The announcement had been in the church newsletter for weeks. I had no idea how many people from our congregation might show up to work on the grounds of our church.
It was the second weekend of August, and even with COVID-19 still disrupting lives, I knew some people would be out of town. And, I knew that August can be brutal with a hot sun, along with high humidity and dew points. But, I was still hopeful that a few brave souls would show up.
At the breakfast table on that Saturday morning, my wife asked me how many people did I think would be there. I think I guessed five.
Our church grounds are pretty, and they also require lots of attention. Natural areas, landscaped borders, trees, shrubs, flowers, lawn areas, parking lots, sidewalks, and weeds—lots of weeds.
We have an annual contract with a grounds maintenance company. Their employees really take care of our grounds, but we contract for very basic requirements—mowing, edging, some trimming, and most importantly for the fall gathering up of all our leaves.
I had spent time developing a list of areas to target for attention on Saturday. Plus, I had requested a load of mulch from a church member who runs a landscaping business. This load arrived late on Thursday afternoon. Friday, I organized tools, checked tires on wheelbarrows, and filled a cooler with bottles of water and ice.
Early on Saturday morning, I went to the church to organize the tools, stage the cooler, and make access to restrooms.
By 8:30, we were ready to start, and seven brave souls arrived. There were actually nine of us including my wife and I.
We had three weeders who tackled the front grounds facing Forest Avenue.
On the Stuart Hall Road side, we had a team of three for mulch, and a mother and her teenage daughter who did masterful work with a weed eater and a power washer.
I did some overdue trimming in the Bicentennial Garden and along the stairs leading to the back parking lot along Rock Creek Road.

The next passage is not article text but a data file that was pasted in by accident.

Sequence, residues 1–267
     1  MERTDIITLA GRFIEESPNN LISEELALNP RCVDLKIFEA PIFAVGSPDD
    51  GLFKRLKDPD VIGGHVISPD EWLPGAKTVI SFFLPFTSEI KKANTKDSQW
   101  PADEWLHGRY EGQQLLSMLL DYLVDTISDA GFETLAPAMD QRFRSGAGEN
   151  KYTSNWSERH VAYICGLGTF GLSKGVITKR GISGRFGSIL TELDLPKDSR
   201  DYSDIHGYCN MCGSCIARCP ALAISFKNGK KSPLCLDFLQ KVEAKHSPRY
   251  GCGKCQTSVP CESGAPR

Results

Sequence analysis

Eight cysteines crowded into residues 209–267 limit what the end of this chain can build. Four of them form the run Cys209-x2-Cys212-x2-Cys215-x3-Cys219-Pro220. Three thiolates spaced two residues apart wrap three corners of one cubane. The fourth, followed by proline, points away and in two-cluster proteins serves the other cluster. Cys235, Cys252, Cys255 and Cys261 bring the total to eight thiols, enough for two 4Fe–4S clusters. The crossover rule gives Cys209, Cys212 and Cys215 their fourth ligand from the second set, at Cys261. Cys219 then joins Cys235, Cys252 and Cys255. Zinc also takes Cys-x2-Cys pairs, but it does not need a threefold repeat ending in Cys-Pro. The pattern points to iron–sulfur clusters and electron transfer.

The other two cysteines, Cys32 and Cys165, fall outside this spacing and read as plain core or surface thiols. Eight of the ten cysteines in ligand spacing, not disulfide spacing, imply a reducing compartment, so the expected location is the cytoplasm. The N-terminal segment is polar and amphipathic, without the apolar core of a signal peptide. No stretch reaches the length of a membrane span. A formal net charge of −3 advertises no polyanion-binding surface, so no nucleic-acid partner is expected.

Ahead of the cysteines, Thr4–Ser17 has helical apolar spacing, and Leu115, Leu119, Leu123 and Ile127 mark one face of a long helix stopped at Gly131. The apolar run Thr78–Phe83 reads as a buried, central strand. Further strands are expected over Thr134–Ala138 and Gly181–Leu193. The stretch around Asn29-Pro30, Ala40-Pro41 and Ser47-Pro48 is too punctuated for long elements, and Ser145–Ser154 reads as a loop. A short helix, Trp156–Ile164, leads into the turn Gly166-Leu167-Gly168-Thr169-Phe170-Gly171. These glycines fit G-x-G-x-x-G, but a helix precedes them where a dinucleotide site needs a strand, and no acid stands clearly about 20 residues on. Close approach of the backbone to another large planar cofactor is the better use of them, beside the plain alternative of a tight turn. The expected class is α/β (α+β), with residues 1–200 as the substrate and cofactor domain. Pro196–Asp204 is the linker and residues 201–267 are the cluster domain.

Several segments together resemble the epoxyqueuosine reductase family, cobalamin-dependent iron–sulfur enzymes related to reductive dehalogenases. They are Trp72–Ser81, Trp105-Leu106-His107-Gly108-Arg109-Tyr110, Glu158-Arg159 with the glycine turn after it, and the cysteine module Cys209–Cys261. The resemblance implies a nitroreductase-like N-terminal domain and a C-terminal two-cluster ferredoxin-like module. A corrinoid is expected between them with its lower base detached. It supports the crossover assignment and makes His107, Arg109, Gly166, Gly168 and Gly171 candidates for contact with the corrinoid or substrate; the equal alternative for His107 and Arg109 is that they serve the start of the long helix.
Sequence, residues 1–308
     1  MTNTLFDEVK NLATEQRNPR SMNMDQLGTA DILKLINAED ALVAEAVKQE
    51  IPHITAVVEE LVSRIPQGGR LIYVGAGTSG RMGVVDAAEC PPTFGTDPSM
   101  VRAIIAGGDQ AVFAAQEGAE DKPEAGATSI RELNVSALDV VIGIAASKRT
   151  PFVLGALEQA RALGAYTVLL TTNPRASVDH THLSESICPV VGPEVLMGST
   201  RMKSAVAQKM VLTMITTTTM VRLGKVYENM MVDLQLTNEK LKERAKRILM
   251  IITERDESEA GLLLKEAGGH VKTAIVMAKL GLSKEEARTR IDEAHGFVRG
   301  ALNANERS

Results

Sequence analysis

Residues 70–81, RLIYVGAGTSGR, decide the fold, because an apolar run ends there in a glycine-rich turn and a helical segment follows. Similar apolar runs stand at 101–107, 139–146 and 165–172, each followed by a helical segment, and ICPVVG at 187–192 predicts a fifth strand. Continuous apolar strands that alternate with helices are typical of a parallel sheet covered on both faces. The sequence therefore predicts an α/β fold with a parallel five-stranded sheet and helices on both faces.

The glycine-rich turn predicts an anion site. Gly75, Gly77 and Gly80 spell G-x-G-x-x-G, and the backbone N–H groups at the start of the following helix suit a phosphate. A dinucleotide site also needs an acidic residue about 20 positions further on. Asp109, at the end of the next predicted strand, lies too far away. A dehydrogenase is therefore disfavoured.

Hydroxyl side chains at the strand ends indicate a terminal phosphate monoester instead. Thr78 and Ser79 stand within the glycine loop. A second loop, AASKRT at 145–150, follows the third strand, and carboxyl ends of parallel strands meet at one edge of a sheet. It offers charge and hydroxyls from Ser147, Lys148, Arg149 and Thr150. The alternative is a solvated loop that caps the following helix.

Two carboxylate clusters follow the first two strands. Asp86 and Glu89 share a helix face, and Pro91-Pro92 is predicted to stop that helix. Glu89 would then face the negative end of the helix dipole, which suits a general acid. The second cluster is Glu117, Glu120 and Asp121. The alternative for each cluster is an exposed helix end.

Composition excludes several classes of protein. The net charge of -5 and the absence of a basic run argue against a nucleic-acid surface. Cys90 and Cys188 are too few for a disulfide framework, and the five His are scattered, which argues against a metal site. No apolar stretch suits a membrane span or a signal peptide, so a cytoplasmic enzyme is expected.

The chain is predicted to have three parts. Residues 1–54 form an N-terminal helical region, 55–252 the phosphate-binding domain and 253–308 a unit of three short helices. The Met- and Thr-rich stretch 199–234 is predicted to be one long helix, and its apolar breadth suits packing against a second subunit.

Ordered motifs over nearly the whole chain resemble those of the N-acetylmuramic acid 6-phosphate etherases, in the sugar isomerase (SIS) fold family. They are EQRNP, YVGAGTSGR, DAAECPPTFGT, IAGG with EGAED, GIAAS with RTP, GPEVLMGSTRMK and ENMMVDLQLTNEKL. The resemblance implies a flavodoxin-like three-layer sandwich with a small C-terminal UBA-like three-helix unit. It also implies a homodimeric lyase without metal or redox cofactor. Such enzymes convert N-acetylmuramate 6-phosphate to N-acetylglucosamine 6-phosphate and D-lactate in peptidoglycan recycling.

The word of the morning was sweat. Within minutes, no matter our task, we were perspiring. August was being August, no one was spared. But, I never heard a whimper from anyone working.
What I saw was diligence, determination, and care. These volunteers worked in their designated areas like the grounds were their own backyards.
The weeders had keen eyesight. They did not miss a weed, nor did they dig up non-weeds.
The mulch team got the spreading depth right, and they knew how to top off their work with a touch of neatness. When a long stretch of a border was completed parallel to a broad sidewalk, a push broom and leaf blower were put to use.
Our teenager with the power washer had a tough assignment. She was working in the Memorial Garden, confined space with brick walls that over time mother nature had coated with all kinds of micro vegetation.
Her mom with the weed eater tackled a natural area that we work to keep from becoming overgrown.
Not everyone was able to stay until 12 noon, but every minute given by these volunteers with big hearts made a difference.
As noon approached, we found natural stopping points. We cooperatively returned tools, buckets, and wheelbarrows to their storage places.
I thanked each person and wished them a restful afternoon.
I am convinced that yard work at your home or at your church is good for your soul. I think we have the opportunity to learn about ourselves in those environments. I also believe it is a time to reflect.
Take weeds for an example, no question weeds are a nuisance.
At times, I think people might see me as a nuisance, and I might be blind to my weed like shortcomings that annoy people.
But, I wonder if weeds were God’s creation as he was developing his landscape plan. Or maybe weeds were the creation of another nuisance—the Devil.
The closest I ever heard my father come to cussing was over his garden nemesis—wire grass. I can still hear him, “That durn wire grass.”
Maybe we need weeds to remind our souls that sometimes weeding is required in our personal lives too. I have lots of imperfections.
As pesty and pesky as weeds are to mess with during their growing season, they do have an admirable trait—resilience.
If you don’t whack them out completely by their roots, weeds are going to grow back.
We need some resilience in our world right now.
In case you haven’t noticed, we have lots of weariness all around us.
I wonder if we can sacrifice, can we adjust, can we change, can we cooperate, can we listen, can we bounce back, can we recover, can we right ourselves?
Answering those questions all depends on our hearts.
Maybe the most resilient heart in the whole world belongs to God.
No matter how weedy our lives might be, his resilient heart never gives up on us.
And right now, we can’t give up on his heart either.